Did you know that parking lot plug-ins for Whitehorse YG staff were modified about 10 years ago to operate on a reduced (50-50) duty cycle so the vehicles got the warming they needed and less electrical current was consumed. WIN-WIN and it all happened because a staff member suggested it upwards to managment and it got approved. So it can work IF it is important enough.

Now government will benefit from a windfall of new money from the Carbon Tax and nobody has heard anything from the government on how they can reduce their own over-use of electrical and fossil fuels by investing in these low-cost devises and creating some clear policy on energy use in government owned buildings. Again, they should be leading by example rather than pushing it all on on we citizens.
The ball's in your court Mr. Silver, impress us please.

Up 16 Down 6

Josey Wales on Apr 21, 2019 at 7:58 am

Do we really need hanging kilometres of made in China lights for a couple weeks up...and down, illuminating 2nd ave for THE EFFIN winter?
Rhetorical...I know that call to “conserve” is for thee lowly peasants.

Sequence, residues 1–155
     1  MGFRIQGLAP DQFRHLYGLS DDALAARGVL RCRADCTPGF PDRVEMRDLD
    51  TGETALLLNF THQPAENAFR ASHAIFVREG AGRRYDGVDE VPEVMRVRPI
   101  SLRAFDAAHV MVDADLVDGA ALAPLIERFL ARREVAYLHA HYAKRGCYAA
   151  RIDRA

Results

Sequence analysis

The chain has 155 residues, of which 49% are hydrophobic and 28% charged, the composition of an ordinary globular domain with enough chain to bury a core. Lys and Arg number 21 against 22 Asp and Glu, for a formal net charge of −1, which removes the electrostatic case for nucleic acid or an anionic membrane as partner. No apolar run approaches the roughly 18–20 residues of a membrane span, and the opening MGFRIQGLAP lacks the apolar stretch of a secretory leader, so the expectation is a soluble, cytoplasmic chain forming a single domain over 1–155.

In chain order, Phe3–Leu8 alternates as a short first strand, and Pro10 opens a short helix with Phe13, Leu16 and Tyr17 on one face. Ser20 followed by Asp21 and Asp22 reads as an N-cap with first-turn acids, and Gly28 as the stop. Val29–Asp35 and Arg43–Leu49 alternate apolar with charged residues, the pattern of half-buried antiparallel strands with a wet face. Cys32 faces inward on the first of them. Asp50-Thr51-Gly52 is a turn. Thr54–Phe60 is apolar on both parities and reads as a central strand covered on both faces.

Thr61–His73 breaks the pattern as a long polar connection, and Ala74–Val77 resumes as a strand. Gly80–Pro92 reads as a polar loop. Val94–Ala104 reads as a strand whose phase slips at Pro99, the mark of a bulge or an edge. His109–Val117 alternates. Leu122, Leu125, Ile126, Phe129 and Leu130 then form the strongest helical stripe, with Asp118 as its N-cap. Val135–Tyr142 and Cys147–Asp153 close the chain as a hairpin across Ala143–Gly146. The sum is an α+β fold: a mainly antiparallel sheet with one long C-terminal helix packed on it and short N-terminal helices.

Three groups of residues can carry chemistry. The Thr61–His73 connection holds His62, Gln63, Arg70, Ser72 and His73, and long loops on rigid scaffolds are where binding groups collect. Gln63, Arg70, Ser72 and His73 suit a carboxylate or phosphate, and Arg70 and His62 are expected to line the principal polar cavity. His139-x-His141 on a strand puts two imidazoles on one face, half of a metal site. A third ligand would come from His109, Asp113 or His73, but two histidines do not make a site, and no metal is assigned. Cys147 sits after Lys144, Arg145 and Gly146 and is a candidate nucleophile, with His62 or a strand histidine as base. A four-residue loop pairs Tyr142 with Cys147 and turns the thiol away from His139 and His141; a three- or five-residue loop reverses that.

Will I ever cease? Yes, when equity hires and political correctness are footnotes in our history.
So maybe no...not ever!

Up 17 Down 1

Peter Cambridge on Apr 19, 2019 at 5:50 pm

I agree with Groucho
YES, yes we can conserve but please start increasing energy production because demand is increasing and you have not prepared for it.

Up 4 Down 7

Politico on Apr 19, 2019 at 4:39 pm

@Light bulb on. You are correct but forgot to mention that all big box stores are controlled from their head offices. The locals can't control lights, heat or cold!

Up 7 Down 17

Light bulb on Apr 18, 2019 at 5:45 pm

@ Groucho
How does some ‘hypocrite’ (your words) working as a finance clerk or policy analyst for GOC, YG or COW have access to controlling building HVAC or lighting?